A Tribute to
1903 - 1985
There are two Blue Plaques to local artist Harry Rutherford in Hyde. One is on his former home 17 Nelson Street where he lived, keeping a studio next door and there is a duplicate one on Hyde Town Hall. They celebrate this popular local artist who painted many local scenes but who also gained national recognition for his work.
Harry was born on Market Street in Denton in 1903 where his father, William, had a hatting business. William himself was a gifted amateur artist and with a group of friends had formed the Hyde Art Group. Harry found he had every encouragement from his father when he showed a talent for drawing. Harry later claimed that he was not gifted at anything except drawing although those who knew him may dispute this.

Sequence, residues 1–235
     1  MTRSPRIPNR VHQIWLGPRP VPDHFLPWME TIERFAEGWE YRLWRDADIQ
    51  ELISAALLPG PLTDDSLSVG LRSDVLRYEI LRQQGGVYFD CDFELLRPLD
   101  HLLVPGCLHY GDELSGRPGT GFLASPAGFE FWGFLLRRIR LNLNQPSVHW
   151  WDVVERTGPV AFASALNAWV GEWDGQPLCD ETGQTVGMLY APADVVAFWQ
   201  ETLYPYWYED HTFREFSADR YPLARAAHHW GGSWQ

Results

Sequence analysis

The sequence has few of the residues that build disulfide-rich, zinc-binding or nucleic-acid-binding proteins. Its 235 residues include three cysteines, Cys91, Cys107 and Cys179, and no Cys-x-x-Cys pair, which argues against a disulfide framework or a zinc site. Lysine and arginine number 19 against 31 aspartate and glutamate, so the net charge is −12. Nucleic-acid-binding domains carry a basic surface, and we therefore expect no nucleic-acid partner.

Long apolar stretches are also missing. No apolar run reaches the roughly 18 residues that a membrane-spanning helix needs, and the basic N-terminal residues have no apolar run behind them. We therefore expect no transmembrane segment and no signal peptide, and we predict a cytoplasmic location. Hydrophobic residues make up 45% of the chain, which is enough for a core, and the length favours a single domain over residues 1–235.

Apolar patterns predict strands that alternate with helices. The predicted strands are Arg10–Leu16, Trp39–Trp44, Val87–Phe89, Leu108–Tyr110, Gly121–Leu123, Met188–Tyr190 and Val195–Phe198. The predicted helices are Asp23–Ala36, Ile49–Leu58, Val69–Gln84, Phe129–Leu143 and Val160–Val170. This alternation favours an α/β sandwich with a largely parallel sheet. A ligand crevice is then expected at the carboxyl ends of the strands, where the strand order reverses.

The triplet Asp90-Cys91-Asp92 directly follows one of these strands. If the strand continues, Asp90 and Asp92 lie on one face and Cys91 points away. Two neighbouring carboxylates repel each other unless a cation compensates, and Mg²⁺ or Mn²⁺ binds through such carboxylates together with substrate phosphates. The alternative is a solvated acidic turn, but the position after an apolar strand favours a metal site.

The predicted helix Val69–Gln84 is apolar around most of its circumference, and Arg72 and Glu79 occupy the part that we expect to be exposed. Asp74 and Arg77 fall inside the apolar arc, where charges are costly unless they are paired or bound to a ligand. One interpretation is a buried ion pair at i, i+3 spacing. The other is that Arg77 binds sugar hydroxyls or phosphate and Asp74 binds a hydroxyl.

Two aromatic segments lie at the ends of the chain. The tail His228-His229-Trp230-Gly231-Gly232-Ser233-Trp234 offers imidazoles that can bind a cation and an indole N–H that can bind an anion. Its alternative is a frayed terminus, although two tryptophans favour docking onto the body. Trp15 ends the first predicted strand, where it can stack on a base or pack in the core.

As a young boy Harry was often to be seen sketching the local beauty spots at Werneth Low. If he drew a tree, his father had to be able to recognise what kind it was!
There were three brothers, all talented men. Bob became a script writer, Donald a musician who, because of a weak heart, changed to repairing and tuning pianos, and George, the eldest, Harry described as a "born philosopher". Harry was always grateful that his brothers were so supportive of his work:-
"I have had three very remarkable brothers. I've been extremely fortunate in the choice of my brothers - extremely. No artist ever emerges without support from somebody, I can assure you, and they were always very kind."
During his childhood the family moved from Denton to New Mills then to Hadfield and then settled in Hyde at 17 Nelson Street. Harry's affection for his family home is clear as he nicknamed it "sweet seventeen".
The emerging artist